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  • Jo Parkman

Holistic Management - Introduction

“Welcome to Jo Parkman, our fitter for France, who is also a brilliant equine physical therapist (who can be found at She is going to be writing a series of articles looking at how to approach saddle fitting in a holistic way, how to see it as just a part of overall management of your horse, and how to manage these interactions, how each factor affects the other. Thanks Jo and over to you!”

Welcome to the first of our new blog series in which we will be looking at how different aspects of horse care interact to affect a horse’s ability to do the things we want them to do for us.

In the first of our series we are going to be looking at holistic management…what do we mean when we say this and why is it important?

Holistic management simply means looking at all the factors which influence the health and well-being of the horse rather than looking at individual bits in isolation. I always think of this a bit like putting a jigsaw together. When looking for the reason why a horse is not performing well, or is difficult to ride, or obviously unhappy and stressed, it’s important not to be too quick to home in on one thing and decide that that is ‘it’ but rather to look at the horse as a whole and try to untangle the picture, since very often the actual root of the problem can be hidden.

For example, a horse with gastric ulcers may have developed ulcers due to a poor diet – typically too much hard feed and not enough forage, or even just not enough forage. Its amazing how many people claim that their horses have ad lib hay only to find these very same horses standing in a stable with nothing to eat! But….we also know that ulcers can be caused by stress – for example a horse who is left on his own for long periods, or does not have access to turnout or the ability to be in contact with other horses. But a third reason is pain from undiagnosed lameness or another physical problem or even from a badly fitting saddle. Since the level of cortisone in the body causes the ulcers. So, in order to resolve the ulcers its first necessary to be sure why the horse has developed them…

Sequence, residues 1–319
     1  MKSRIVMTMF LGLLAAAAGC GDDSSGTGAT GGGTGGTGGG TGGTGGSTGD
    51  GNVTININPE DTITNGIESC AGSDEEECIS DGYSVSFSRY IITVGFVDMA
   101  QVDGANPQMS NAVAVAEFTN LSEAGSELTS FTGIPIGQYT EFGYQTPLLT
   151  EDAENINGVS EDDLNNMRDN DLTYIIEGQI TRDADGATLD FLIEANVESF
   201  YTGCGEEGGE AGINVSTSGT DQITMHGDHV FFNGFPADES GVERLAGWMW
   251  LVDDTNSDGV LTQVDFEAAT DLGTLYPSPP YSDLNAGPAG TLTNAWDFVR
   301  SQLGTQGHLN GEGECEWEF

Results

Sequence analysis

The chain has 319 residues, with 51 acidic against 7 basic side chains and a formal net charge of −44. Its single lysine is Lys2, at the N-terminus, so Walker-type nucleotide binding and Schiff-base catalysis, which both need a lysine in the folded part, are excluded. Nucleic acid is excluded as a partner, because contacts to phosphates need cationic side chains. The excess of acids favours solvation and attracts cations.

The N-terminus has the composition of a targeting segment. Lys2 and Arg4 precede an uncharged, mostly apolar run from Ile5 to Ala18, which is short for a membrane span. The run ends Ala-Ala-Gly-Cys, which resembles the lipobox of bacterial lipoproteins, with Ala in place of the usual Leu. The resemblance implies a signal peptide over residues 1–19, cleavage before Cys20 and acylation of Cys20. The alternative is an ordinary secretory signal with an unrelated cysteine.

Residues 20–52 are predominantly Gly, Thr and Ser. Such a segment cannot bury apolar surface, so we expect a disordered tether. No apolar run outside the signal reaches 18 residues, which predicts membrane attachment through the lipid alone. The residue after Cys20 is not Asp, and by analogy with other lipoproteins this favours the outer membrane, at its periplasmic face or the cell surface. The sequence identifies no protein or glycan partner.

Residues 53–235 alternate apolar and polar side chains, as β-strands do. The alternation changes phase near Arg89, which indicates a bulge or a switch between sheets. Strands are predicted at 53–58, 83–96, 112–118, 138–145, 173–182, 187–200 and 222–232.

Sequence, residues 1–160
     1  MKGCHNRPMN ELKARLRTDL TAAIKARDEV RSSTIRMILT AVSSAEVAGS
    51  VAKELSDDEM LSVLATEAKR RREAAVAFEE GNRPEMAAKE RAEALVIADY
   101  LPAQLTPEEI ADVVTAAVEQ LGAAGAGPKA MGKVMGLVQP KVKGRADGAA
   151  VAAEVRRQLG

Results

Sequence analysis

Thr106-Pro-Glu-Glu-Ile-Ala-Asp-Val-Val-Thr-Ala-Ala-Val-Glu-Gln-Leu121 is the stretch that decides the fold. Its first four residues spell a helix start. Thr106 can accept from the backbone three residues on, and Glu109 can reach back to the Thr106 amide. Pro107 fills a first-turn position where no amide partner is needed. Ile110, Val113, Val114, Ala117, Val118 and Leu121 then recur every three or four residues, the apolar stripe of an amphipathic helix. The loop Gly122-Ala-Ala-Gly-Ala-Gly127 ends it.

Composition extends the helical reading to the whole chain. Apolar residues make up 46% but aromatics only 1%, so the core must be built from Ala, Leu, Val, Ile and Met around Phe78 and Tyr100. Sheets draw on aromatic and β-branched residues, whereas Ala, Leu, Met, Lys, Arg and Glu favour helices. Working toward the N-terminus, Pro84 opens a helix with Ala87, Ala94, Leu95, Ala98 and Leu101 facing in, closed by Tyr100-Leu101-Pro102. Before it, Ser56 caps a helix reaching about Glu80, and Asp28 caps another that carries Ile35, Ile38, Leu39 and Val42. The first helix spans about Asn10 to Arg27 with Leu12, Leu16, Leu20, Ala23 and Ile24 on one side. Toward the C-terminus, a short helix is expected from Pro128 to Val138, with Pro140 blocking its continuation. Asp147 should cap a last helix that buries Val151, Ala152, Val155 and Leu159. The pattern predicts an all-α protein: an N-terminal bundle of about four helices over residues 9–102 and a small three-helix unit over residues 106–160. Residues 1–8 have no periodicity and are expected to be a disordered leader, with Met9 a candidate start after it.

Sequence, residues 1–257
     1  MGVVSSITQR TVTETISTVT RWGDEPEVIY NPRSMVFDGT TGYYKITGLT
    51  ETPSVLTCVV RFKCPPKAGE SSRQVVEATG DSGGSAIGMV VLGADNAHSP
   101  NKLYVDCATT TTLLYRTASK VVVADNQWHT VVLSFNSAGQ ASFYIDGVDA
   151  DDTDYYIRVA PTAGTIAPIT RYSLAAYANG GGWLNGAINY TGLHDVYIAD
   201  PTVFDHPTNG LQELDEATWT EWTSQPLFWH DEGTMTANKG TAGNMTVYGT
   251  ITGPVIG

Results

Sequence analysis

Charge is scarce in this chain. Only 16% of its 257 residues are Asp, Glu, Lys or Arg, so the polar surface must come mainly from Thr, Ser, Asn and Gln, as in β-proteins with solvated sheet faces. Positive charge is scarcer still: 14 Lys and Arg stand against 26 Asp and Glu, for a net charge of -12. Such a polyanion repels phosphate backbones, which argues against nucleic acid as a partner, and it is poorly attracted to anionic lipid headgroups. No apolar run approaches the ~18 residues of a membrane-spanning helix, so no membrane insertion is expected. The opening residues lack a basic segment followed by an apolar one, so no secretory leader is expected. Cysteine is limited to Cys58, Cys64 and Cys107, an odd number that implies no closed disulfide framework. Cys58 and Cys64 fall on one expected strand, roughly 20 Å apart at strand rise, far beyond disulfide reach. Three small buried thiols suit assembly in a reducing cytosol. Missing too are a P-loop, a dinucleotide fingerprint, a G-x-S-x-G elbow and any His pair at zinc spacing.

So what ‘factors’ are in our list? I am afraid our list is a long one! In no particular order we have:

• Type and fitting of bridle and bit

• Mouth conformation and dental health • Saddle fit, and suitability for both horse and rider • Structure of saddle including symmetry, flocking and soundness of tree • Lameness and other musculoskeletal problems • Other health issues such as metabolic or hormonal problems • Shoeing and hoof balance • Diet and management including type and extent of turnout • Experience and capability of rider • Suitability of the horse for the work being demanded • Arena surface and work ‘environment’ • Previous experiences of horse and/or rider

I am sure you can add to the list!

Deciding whether the cause of a problem is physical or behavioural is one of the most difficult things to get right and definitely a hot Facebook topic! With the two extremes of some people being certain that all problems have a physical cause whilst others are loathed to admit that a horse can possibly ‘misbehave’ because of pain….and everything in between.

One of the things I really believe in is being sensitive to your horse’s communication. Unfortunately, too many problems with horses escalate simply because the rider has not listened…and the result is a horse who is forced to shout…which in horse terms is a very physical demonstration of unhappiness.

For example horses who flatten their ears and bite when they are being saddled are very definitely communicating that they are not comfortable…..I always tack all my horses up loose in the stable. This way I can see how they are feeling, and they can express and communicate with me. For example, a horse that turns away when he sees the saddle, or will not stand still to be saddled, is making a point….and our job is to work out what that point is. Horses don’t use the same language as us ….but if we listen and think about the ‘big, holistic picture’ we can certainly become better horsemen and women. And our horses will thank us for it…..

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